WESTPHALIA, Texas (KWTX) A woman who played the century-old wooden pipe organ for a half century at the 125-year-old Church of the Visitation in Westphalia, which was consumed by fire Monday, is mourning the loss of both the landmark building, and the unique instrument she knew so well.
(Photo by: Hidden Places YouTube channel)
"It's dear to my heart. That was the first thing I thought when I heard that [the church] was on fire, I thought ‘oh we're going to lose our organ.’" Doris Voltin of Westphalia said.
The congregation was in the midst of planning for the celebration of the 125th anniversary of completion of the church building when the fire broke out Monday morning.
Firefighters from across the area responded to the church at 144 County Road 3000.
Flames overtook the sanctuary, and smoke from the fire could be seen from five miles away.
Early estimates place damages at $3 million to $4 million, a source said, but the organ was irreplaceable.
Voltin began playing when she was just 10.
“I was so little and short I couldn't reach the foot pedals,” she remembers.
Voltin played it for virtually every Mass, wedding and funeral at the church for 50 years.
“I probably played for 250 funerals,” she said.
"A lot of times my husband had to take care of the youngsters while I was upstairs playing." Voltin said.
The Organ Historical Society (OHS) lists the Westphalia organ in its Pipe Organ Database, but the listing includes scant details about the instrument.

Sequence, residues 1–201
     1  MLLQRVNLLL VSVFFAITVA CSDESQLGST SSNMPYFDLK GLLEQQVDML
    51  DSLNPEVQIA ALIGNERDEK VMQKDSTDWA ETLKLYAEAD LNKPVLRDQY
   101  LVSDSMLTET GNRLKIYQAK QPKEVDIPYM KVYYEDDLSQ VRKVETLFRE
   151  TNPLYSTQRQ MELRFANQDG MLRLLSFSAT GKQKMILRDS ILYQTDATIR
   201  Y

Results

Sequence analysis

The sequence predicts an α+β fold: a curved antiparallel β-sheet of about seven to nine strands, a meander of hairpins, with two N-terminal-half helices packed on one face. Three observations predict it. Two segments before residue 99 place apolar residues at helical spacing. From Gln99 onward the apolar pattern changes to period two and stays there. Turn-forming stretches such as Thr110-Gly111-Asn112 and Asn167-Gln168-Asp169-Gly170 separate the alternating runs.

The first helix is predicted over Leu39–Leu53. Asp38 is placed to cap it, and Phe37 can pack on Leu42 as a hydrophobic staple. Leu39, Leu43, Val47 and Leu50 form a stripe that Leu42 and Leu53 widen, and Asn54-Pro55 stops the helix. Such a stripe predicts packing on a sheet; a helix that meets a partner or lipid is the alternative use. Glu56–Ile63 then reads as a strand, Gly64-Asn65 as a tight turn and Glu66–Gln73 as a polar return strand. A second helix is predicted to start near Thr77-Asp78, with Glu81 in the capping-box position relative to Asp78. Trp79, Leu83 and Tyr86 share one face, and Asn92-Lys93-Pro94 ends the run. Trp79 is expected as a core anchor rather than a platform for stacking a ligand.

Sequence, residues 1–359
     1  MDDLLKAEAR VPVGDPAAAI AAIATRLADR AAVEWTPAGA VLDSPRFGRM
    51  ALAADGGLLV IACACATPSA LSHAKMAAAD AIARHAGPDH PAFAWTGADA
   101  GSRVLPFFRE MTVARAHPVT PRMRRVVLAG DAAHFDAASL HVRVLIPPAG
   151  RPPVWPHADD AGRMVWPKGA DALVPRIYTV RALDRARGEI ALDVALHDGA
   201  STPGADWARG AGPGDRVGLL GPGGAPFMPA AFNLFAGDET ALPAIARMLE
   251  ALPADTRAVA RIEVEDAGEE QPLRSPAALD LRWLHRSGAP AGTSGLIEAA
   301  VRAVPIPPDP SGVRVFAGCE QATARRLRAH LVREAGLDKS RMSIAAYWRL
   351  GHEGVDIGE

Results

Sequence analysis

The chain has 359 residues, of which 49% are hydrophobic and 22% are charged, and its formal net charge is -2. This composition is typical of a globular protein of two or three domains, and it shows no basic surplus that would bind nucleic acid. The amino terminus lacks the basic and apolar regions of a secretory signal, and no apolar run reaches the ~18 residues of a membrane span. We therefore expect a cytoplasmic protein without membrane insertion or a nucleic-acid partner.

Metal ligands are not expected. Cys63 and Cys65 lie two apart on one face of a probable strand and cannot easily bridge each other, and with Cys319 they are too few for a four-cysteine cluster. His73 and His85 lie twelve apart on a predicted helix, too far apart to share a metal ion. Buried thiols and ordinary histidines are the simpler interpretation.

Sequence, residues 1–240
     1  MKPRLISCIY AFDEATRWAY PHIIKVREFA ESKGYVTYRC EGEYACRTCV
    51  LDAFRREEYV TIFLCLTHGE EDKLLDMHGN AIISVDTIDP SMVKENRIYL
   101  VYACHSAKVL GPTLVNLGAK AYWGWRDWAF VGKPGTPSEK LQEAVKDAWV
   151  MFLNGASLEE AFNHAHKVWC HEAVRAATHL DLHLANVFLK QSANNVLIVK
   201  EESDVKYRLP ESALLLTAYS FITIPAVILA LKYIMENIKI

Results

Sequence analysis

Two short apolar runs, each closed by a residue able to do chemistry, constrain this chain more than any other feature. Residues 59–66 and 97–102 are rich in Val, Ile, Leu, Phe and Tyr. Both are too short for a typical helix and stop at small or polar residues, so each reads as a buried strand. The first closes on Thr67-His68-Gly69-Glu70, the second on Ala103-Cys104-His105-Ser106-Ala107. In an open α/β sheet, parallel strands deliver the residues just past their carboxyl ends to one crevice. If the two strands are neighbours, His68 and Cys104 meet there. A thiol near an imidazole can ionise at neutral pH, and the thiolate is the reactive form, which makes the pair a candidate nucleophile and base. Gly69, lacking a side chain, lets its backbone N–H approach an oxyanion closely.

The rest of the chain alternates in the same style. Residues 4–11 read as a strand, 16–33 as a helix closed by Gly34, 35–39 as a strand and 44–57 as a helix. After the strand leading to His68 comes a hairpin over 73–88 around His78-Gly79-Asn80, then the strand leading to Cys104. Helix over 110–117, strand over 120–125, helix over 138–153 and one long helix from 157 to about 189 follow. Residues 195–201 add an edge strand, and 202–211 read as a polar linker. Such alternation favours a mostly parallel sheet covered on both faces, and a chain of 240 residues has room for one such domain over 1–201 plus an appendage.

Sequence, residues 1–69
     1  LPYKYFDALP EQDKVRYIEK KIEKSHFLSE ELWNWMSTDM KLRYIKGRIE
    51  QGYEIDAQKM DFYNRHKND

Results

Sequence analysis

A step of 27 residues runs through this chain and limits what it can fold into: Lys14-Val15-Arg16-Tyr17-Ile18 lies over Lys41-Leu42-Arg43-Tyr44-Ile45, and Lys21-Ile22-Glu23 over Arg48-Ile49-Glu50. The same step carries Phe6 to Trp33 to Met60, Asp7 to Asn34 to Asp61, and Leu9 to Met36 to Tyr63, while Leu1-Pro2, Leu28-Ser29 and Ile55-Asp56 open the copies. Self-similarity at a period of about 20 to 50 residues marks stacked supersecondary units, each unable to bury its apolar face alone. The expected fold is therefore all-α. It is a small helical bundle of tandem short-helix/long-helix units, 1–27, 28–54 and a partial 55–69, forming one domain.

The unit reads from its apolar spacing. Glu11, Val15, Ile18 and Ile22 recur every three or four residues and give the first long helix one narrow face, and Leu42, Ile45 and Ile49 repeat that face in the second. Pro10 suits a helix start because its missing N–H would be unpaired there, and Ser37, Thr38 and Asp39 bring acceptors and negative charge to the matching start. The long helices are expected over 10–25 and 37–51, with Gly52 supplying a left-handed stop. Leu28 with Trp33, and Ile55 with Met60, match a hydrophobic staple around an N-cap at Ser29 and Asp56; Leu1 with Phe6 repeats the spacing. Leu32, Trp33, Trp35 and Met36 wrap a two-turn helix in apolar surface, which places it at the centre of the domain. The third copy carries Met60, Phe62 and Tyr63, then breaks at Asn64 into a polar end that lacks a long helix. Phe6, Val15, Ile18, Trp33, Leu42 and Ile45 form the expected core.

“I remember being in the church years ago,” recalled Dr. Joyce G. Jones, now retired Baylor School of Music professor of organ.
One of the things unique about that instrument was “the pipe organ still had a means of having another person pump it,” rather than the organist having to do so with foot pedals, which freed up the organist to be able to use deep base organ pedals while playing.
The Church of the Visitation’s website details some history of the organ, which was “donated by Mrs. Theresia Bockholt,” the history says.
The very large pipe organ was built by Kilgen and Son, Inc., of St. Louis, Missouri, in 1914, the church history says.
“The choir loft was enlarged and the organ was installed in March of 1921,” then “refurbished in 1979 and (was) played each Sunday as well as on special occasions,” the history says.
The nationwide organ data base is designed to collect details about historic organs around the country, but the entry regarding the Westphalia instrument says only, “The state of this organ is unknown to the database (because it is) undocumented or unreported.”
The OHS database says: “The last update we received about this organ was on the transfer of data from the OHS PC Database, October 30, 2004.”
The OHS history is not as clear on how the organ got to Westphalia: “perhaps Kilgen moved one of their own instruments, or that of another builder, here at that date,” the OHS database says.
“I always wanted the Central Texas American Guild of Organists to visit there for a meeting but that never happened,” Dr. Jones said.
Regardless, parishioners in Westphalia and the experts at OHS say the loss is tragic because the old pipe organ was unique and can never be replaced.